Great Yarmouth academy head softens strict pupil rules

  • Published
Image caption,
Pupils are now told that "as a guide" they should be asleep for 21:30 at the latest

An academy which introduced a "military-style regime" for students appears to have softened some of its rules on behaviour.

The new head of the failing Norfolk school came in for severe criticism from parents after introducing strict rules to improve pupil performance.

Children at Great Yarmouth Charter Academy were told to be in bed by 21:30 and mobile phones were banned.

The school said the leaked training document was for staff eyes only.

It has now issued families with a behaviour guide but has not yet said if this replaces the leaked document.

The school, formerly Great Yarmouth High, was renamed after it was taken over by Inspiration Trust.

Until this summer it had "some of the worst GCSE results in the entire country", according to its new principal Barry Smith.

Image caption,
Opinion about the new regime is divided on a Facebook site set up by a parent

In the leaked document children were told to be in bed by 21:30 every night and those claiming to feel sick during lessons would be handed a bucket to vomit in instead of being allowed to leave classrooms.

Some of those rules have now been modified.

Children must refer to teachers as "sir and miss", say "thank you", "excuse me", "please" and smile. They must think of teachers as "team captains" and "do exactly what the team captain says".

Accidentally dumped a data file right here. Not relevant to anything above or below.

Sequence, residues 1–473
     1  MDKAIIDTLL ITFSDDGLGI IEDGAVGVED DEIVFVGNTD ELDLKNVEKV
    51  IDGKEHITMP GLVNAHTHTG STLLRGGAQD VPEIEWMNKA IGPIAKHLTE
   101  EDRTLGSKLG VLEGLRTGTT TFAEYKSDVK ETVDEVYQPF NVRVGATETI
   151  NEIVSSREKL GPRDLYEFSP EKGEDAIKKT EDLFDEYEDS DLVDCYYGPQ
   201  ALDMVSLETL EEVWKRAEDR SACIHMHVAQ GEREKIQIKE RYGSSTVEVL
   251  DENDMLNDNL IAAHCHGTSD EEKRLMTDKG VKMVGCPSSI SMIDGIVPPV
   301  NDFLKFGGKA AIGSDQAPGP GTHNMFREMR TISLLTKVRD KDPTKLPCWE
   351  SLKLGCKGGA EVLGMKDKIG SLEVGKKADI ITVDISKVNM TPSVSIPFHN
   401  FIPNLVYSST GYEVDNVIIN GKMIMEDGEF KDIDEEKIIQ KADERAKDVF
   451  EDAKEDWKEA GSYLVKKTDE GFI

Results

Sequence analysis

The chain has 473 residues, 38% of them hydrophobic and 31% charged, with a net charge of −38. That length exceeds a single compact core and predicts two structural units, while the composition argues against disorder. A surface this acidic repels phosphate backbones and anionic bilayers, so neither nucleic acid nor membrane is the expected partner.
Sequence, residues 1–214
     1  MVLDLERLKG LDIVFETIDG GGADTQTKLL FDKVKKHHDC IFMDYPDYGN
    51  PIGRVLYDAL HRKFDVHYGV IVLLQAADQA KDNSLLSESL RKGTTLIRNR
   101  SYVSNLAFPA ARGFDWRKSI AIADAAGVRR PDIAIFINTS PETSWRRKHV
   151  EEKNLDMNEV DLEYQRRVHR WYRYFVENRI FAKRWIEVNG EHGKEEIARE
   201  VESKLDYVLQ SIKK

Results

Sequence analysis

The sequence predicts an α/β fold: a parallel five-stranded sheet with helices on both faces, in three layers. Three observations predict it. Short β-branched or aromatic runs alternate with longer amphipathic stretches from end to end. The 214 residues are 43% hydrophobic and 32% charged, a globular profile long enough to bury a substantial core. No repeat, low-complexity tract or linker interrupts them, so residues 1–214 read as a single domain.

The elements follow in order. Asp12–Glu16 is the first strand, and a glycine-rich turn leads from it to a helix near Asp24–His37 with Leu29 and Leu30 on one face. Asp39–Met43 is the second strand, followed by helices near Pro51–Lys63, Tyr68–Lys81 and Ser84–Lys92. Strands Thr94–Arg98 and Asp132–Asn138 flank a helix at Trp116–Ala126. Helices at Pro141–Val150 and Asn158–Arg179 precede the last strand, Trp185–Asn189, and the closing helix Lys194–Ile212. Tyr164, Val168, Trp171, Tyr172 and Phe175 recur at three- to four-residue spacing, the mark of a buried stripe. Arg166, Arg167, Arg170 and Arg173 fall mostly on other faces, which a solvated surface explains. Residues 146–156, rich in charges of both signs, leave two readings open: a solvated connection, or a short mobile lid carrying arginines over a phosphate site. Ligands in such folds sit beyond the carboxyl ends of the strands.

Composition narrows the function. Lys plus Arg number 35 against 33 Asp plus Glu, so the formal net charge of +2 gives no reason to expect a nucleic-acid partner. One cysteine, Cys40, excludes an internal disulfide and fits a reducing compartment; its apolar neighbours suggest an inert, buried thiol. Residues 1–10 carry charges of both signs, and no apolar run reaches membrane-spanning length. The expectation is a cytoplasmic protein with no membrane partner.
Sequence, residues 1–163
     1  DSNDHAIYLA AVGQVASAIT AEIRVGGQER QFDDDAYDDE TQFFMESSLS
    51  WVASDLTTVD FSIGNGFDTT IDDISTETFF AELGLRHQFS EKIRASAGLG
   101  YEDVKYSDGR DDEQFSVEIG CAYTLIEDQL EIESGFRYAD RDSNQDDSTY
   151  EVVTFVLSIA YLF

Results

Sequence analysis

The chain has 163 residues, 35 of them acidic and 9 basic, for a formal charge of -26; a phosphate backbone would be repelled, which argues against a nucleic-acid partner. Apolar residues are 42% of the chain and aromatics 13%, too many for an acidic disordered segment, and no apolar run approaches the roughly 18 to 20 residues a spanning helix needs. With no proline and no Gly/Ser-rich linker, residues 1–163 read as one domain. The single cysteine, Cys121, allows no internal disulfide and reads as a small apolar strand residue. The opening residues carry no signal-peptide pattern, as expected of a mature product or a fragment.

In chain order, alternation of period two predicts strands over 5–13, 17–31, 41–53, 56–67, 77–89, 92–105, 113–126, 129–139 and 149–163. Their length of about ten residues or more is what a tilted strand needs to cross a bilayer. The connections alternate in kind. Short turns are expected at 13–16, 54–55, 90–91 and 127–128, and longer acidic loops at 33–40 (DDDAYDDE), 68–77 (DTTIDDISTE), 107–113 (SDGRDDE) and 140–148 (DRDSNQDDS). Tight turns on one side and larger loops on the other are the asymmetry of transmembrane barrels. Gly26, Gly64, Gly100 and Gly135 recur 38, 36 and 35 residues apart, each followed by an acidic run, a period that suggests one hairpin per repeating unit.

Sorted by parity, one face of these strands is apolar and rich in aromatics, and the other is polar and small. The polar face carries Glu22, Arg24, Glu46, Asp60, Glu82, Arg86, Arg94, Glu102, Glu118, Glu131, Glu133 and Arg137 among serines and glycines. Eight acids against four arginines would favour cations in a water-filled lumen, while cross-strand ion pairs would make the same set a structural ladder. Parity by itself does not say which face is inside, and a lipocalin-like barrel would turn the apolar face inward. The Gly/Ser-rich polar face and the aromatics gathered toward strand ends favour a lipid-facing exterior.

Pupils and teachers must also show an "attitude of gratitude" in every interaction they have.

Other rules include always using a ruler to read text, keeping both hands on the ruler, and moving along corridors in single file.

'An experiment'

A Facebook group was set up by a parent to discuss concerns about the "military-style regime".

In a post, educationalist Tim Taylor said his two oldest children attended two Inspiration Trust schools in Norwich.

"Not all Inspiration schools are like Barry's. What is happening in your school is not normal. It's an experiment," he wrote.

In a separate development, Norfolk County Council agreed to investigate the academy's exclusion policy after concerns were raised by a Labour member.

Emma Corlett told the council's children's services committee the policy contradicted Department for Education (DfE) guidance.

But Inspiration Trust spokesman James Goffin said it was currently being updated to comply with the latest DfE recommendations.

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